A huge swath of the workforce has been working from home since at least March--if the goal is to reduce carbon emissions, MTC staff suggest maybe that's how things should remain.
he Metropolitan Transportation Commission is adding a new carbon-reduction strategy to its “Plan Bay Area 2050 Final Blueprint” document–a mandate that large companies that currently have the majority of their staff working from home as part of the COVID-19 lockdown continue to do so permanently.
MTC Regional Planning Program Director Matt Maloney, who presented the proposal to the agency’s board Wednesday, talked about how the region must invest in dense housing adjacent to robust transit to fight climate change, investing more in “BART, Caltrain, SMART, Valley Link, VTA Light Rail, and Regional Express Bus.”
However, he said, in order to reach targets, there’s no single solution, and a telecommuting mandate is also necessary to hit the 25 percent reduction goals currently sought.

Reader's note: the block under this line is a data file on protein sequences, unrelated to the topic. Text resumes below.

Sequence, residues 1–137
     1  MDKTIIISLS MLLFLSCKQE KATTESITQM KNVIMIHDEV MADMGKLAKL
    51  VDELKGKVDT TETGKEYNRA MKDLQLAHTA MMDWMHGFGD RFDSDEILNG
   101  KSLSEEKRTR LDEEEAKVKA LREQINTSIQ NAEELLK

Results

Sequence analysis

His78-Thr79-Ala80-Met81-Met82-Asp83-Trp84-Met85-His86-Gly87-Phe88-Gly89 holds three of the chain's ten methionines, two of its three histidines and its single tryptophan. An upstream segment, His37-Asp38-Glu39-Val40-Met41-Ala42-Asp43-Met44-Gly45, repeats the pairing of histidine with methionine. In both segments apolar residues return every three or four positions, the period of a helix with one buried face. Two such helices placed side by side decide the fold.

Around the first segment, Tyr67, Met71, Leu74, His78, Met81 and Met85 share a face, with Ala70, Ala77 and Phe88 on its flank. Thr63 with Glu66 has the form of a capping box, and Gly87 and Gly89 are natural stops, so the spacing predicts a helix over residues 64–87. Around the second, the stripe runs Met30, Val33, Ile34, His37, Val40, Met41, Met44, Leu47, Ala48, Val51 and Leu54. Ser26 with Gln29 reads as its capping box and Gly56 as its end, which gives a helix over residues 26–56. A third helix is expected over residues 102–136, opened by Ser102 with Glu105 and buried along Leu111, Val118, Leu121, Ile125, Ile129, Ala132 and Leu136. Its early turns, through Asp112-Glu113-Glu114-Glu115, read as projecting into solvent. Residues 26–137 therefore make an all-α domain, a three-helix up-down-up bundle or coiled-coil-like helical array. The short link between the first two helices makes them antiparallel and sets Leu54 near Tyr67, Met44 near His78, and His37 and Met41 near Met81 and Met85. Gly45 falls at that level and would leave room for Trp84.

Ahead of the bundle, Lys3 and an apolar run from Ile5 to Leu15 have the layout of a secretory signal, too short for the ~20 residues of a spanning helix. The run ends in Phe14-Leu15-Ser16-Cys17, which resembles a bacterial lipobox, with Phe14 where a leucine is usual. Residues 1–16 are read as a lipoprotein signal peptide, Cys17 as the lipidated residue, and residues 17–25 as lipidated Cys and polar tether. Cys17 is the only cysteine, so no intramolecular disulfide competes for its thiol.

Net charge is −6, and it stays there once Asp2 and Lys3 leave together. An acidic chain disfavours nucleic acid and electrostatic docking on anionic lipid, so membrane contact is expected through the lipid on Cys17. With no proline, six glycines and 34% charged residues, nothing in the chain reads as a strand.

The updated plan mandates that employers:
Build upon the significant shift to work from home during COVID-19 and mandate that large employers have at least 60 percent of their employees telecommute on any given workday. This requirement would be limited to large office-based employers whose workforce can work remotely… This could enable an increase from the projected telecommute share of 14 percent in the Draft Blueprint to up to as high as 25 percent in the Final Blueprint, recognizing that half of the workforce has a job that must be completed in-person (not eligible for telecommuting).
The MTC plan also recommends investing $10 billion to expand broadband internet to low-income communities, to avoid leaving people out of this new paradigm.
Commissioner Nick Josefowitz, who represents San Francisco on the board, brought up concerns that were echoed by other commissioners and members of the public. He pointed out that people who live in small apartments with family members and roommates won’t want to continue working from home. In addition, “Work From Home mandates also penalize downtowns. Our whole city relies on workers coming to downtown San Francisco and preventing them from coming even if they’re taking BART, AC Transit, Muni or bike or walking, is going to do real harm.”
Josefowitz and others wanted the mandate amended to target drivers specifically for work-from-home requirements. “I propose we just say 60 percent of workers who don’t use public transportation or walk or bike have to work from home.”